My mother’s middle name is Hope. It was my Nan’s doing. She told me many times that she gave it to Mum because, ‘If nothing else, she’ll always have hope.’


As The Beatles never sang: All you need is hope.

I’m currently doing a major clean out of endless boxes of memorabilia and sometimes junk at my office and on Friday I found a Tattslotto ticket. Well, actually, it was the master ticket, that you hand over each week so you can play the same numbers. I don’t know what the technical name for it is; I gave up on Tattslotto long ago, working on my old maths teacher’s theory that lotto is just a gambling tax for people who don’t understand probability factors.

But here, in a box of old newspaper articles I’d written, souvenirs from overseas trips, photos, letters from when people wrote letters, and other stuff, was a ticket, for two ‘games’ of numbers.

And it got into my head: imagine if I played those numbers this week AND THEY WON. This would be a story of fate and coincidence for the ages.

And then, of course, it also got into my head: imagine if, having thought that, I now DON’T play those numbers AND THEY WON. What if I had to spend the rest of my miserable life knowing that I had turned my back on this random, glorious, romantic chance to be a multi-millionaire and Fate had, therefore, duly and rightfully shat on my face while my back was turned, which isn’t physically possible but symbolically might be.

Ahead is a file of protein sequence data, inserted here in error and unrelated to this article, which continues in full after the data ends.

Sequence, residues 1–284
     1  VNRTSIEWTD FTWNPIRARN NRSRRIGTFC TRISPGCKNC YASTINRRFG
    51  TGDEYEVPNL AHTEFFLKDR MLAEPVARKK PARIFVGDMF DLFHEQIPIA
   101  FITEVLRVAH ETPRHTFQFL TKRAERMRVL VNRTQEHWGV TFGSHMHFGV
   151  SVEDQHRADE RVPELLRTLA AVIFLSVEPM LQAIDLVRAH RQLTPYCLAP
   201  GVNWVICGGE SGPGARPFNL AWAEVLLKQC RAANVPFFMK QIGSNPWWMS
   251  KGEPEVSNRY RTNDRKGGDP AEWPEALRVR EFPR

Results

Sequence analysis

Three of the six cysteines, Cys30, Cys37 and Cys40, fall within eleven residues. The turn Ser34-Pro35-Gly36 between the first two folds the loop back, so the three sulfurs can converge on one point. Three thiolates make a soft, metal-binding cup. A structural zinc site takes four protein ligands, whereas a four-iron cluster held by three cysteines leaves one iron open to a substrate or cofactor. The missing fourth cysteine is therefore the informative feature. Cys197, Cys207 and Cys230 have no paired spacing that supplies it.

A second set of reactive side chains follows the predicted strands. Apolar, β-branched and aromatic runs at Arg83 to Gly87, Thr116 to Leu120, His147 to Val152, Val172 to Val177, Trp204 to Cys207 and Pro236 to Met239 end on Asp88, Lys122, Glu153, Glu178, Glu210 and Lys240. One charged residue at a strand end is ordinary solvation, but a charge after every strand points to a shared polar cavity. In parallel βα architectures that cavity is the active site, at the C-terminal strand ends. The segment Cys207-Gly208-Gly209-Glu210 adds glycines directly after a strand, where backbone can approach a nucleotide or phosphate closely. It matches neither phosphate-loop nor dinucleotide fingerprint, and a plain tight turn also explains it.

After work, I went to the lotto counter, like one of those clueless non-gamblers at the TAB on Melbourne Cup Day, trying to work out how to lay a two-dollar bet.

Michael 'Disco' Roach (#8) taking his greatest mark ever, with Kevin 'Hungry' Bartlett (#29) roving the pack. Once Tiger champions, now Lotto numbers.

Michael ‘Disco’ Roach (#8) taking his greatest mark ever, with Kevin ‘Hungry’ Bartlett (#29) roving the pack. Once Tiger champions, now Lotto numbers.

It took a while before I even worked out the tickets I had weren’t a couple of crazy-expensive System Nines, but cheaper System Eights. I looked at the numbers, trying to remember when I’d come up with them and why. One is definitely a collection of my favourite guernsey numbers at Richmond: Jack Dyer/Maurice Rioli’s 17, Richo’s 12, Disco Roach/Jack Riewoldt’s number 8. The other game looks like it’s birthdays …

I shrugged and handed over money. I bought the tickets for Saturday night’s draw and dreamed of millions.

And my long-passed Nan smiled in my imagination, eyes twinkling. America appears to be Trump-screwed, Australia’s politicians continue to be heartless bastards without a plan. People around me are struggling with illness and despair. But Nan’s ghost lingers. If nothing else, you always have hope.